Van Gogh’s Museum closes for a renovation

Van Gogh’s Museum closes for a renovation

AMSTERDAM - The Associated Press
Van Gogh’s Museum closes for a renovation

Total of 75 pieces from Van Gogh museum will be on display at the Hermitage Amsterdam for the next seven months while the museum is closed for renovations.

The operation began moments after the Van Gogh Museum in Amsterdam closed Sept 23. Men removed alarm tags from behind some of Vincent Van Gogh’s greatest masterpieces, including “Sunflowers,” ”Irises” and the famously crooked “Bedroom,” and quickly pulled the paintings down from the museum’s walls. Fortunately, they were not thieves carrying out an epic heist, but curators preparing the works for transport to a temporary location across town where they will be on display for the next seven months while the museum is closed for renovations.

In all, 75 pieces - the cream of the biggest collection of Vincent Van Gogh’s work - are moving to The Hermitage, an Amsterdam dependency of the Russian state museum.

Watching the lifeblood of his museum disappear, Director Axel Ruger said he wasn’t nervous about the possibility the paintings could be damaged or stolen before they return next year.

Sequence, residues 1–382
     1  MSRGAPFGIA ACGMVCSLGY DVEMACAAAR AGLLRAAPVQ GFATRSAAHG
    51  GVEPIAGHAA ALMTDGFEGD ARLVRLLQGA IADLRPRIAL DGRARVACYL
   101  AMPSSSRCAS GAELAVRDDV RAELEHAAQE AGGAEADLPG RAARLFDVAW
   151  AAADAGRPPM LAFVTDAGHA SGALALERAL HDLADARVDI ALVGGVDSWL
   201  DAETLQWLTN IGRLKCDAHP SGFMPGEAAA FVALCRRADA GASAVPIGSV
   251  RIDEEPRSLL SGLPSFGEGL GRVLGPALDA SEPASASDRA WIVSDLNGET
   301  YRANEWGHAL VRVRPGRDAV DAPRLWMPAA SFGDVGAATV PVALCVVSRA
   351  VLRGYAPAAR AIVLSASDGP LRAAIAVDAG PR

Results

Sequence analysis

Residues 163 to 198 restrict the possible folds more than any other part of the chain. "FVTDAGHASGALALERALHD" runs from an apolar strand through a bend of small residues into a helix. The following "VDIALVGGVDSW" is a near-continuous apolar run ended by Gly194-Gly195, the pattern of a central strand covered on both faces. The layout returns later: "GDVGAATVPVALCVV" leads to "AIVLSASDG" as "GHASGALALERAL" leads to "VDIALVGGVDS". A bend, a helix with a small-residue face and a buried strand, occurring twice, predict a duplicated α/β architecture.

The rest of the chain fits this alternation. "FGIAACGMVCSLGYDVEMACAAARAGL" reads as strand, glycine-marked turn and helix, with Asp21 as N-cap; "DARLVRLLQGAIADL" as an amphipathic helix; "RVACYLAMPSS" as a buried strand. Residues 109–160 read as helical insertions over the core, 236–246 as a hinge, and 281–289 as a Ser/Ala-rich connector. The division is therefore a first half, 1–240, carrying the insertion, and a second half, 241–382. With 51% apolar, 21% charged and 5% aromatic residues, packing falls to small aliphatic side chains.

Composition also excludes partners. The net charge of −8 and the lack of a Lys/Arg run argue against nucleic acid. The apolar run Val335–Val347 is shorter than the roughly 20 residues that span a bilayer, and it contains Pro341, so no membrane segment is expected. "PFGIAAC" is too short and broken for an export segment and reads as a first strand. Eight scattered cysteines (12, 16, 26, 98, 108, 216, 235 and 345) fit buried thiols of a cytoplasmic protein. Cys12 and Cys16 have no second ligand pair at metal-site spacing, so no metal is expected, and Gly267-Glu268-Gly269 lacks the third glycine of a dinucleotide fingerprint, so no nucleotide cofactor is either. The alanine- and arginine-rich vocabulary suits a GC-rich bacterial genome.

“We do this all the time” when individual paintings go on loan to another museum, he said. But never on this scale, he conceded.

“I cannot really say much about the (security) measures that are being taken, because you will understand that we need to keep those confidential in order to safeguard the security of the transport,” he said.Standing near a blank space on the wall where Van Gogh’s final work, the 1890 painting “Wheatfield with Crows,” had hung just minutes earlier, Curator Leo Jansen described in brief the treatment the paintings would undergo. After being loaded onto felt-covered trolleys, they would be taken to a workshop to be wrapped in protective insulation and packed into hard-shell carrying cases called “turtles” that are resistant to both physical shocks and temperature changes. The cases have been assigned code numbers rather than bearing the paintings’ individual names. About an hour later, the first shipment was loaded onto a yellow van and then driven away under police escort.